Every veteran’s story is unique, but each one is important. While every human experience is unique, one is neither more important nor less defining than the other. Our story began with a deployment and is still being told.
After my husband’s retirement from the Army, we moved to Alabama. We were assigned to the Pensacola Joint Ambulatory Care Center (JACC) in Pensacola, FL. Prior to separation, my husband was having weekly mental health appointments, had a prescription setup that seemed to be acceptable, and had monthly visits with his care team. After separation, he went weeks without word prior to his first appointment with any sort of care provider at the VA. Once he did receive his appointment, it was downhill from there. The appointments with the Primary Care physician were once every 4-6 months, with appointments being late, without fail. Once in the appointment, the physician would focus more on the computer screen than the veteran. The physician never seemed to remember my veteran’s concerns, keeping his back to us during the appointment and reading the computer files. The medications that my husband had at the time were changed and modified, even though concerns were expressed about the changes. While some of the changes make sense, my husband was taken off Xanax cold turkey which very nearly destroyed him. Then there was the issue with getting referrals done. We had to ask over the course of three visits for a sleep study, and finally, after about a year, one was scheduled for four months out.
He went from weekly mental health visits while still active duty, to once every 3-4 months at the JACC. The professional he was seeing declared that since he didn’t lose any limbs in a bombing, he wasn’t as in dire need of her help or as important as her other soldiers she was seeing (yes, she said those very words). She decided he could get by with visits spaced out that far apart, then gave us information on the Pensacola Vet Center where he could get free mental health services.
This is the professional that ruined the JACC for my veteran, and created tense situations within my household for VA visits. At that particular visit, she looked over my husband, asked him about loss of limbs and his injuries. She decided that since my husband had not been blown up in a roadside bomb and lost any limbs that he only needed to be lectured about depression and coping with depression. In that very first 25 minute session, she told him he was the reason he was depressed and that he could deal with it. She was kind enough, however, to get him an appointment with the Pensacola Vet Center for mental health counseling. First of all, where did she get the right to tell my husband he wasn’t important and then turn around to get him mental health appointments at the Vet Center?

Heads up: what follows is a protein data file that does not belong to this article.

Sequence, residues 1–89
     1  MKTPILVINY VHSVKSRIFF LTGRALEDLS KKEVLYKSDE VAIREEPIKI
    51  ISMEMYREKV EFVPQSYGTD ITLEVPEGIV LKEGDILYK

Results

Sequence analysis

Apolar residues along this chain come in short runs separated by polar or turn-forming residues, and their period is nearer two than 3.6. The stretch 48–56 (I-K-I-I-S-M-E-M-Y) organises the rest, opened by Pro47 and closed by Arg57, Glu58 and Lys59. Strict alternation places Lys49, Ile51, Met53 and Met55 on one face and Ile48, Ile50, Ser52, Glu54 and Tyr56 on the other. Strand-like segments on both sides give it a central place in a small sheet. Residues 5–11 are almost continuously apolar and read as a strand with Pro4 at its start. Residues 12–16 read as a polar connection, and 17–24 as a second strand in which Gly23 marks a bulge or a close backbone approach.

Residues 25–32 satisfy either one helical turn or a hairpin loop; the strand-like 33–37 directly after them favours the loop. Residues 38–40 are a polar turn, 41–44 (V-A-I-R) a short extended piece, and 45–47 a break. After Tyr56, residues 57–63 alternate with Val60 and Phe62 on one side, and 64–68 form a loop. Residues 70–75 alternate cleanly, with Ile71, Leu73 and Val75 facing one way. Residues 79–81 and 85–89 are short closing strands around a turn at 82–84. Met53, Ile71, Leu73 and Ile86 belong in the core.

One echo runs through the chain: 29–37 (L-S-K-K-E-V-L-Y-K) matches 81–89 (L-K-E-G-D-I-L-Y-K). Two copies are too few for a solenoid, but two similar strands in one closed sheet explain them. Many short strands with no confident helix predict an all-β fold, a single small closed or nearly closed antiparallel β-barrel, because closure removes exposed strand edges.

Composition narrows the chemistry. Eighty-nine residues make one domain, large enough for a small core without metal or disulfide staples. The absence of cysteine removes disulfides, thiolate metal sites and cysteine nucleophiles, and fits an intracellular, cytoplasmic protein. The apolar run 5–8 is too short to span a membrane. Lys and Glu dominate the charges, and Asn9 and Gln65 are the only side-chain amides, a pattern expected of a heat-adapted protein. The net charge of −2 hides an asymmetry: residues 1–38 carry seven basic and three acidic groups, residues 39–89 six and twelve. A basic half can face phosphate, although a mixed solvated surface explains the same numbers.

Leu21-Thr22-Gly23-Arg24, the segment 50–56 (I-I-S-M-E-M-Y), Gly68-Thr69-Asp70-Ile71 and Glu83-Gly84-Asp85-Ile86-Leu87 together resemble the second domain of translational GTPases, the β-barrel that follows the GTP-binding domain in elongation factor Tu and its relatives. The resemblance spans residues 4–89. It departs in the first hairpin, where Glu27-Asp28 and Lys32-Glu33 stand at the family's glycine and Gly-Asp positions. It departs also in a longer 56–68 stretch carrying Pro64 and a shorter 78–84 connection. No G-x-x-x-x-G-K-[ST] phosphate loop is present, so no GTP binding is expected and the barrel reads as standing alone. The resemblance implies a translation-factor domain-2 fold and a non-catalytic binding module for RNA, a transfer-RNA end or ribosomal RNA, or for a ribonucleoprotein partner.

That session, combined with a doctor that didn’t even make eye contact, created fights on appointment days. Every time there was an appointment scheduled it was the same thing – veteran refusing to go, wife/caregiver begging, fighting, arguing and yelling, with bribing and dealing, until either the veteran is in the car angrily complying or the caregiver is making appointment reschedule phone calls. It was a repeat performance, every time without fail. Appointment days were greeted with apprehension and tension. It was going to be the same argument as last time – if they can’t make eye contact, remember what my issues are, consider me important, be on time for their appointments, why should I go?
We recently moved to another area, with a different VA, and the differences are like night and day. My husband now goes to the Alexandria VA Medical Center. Within six months of going to this hospital, he has seen his Primary Care physician twice and has mental health appointments every other week. He has also begun speech therapy as well as physical therapy and has bimonthly appointments with these professionals. The Alexandria VAMC has impacted my family in a far better way than the JACC ever had, and I’m glad we moved to this facility. The staff at the VAMC greets my husband and me by name, this includes the physician when we see him in the waiting area! I am welcomed into all appointments, and they also know to call my phone for anything. The appointments are on time, and his new mental health professional makes him feel like his experiences are important and deserve to be worked through. We have not had an experience at the VAMC that put us off yet, and appointment day routines have changed. We do not have the fighting or sulking that we used to experience.
To learn more about the State of Heroes and Families project, please visit our main site or visit any of the following direct project links -
Why This Started: www.familyofavet.com/state_of_veterans_families-why.html
The Statistics: www.familyofavet.com/state_of_veterans_families-statistics.html
Our Stories: www.familyofavet.com/state_of_veterans_families-stories.html
What We Hope For: www.familyofavet.com/state_of_veterans_families-hopes.html
FAQ About the Project: www.familyofavet.com/state_of_veterans_families-faq.html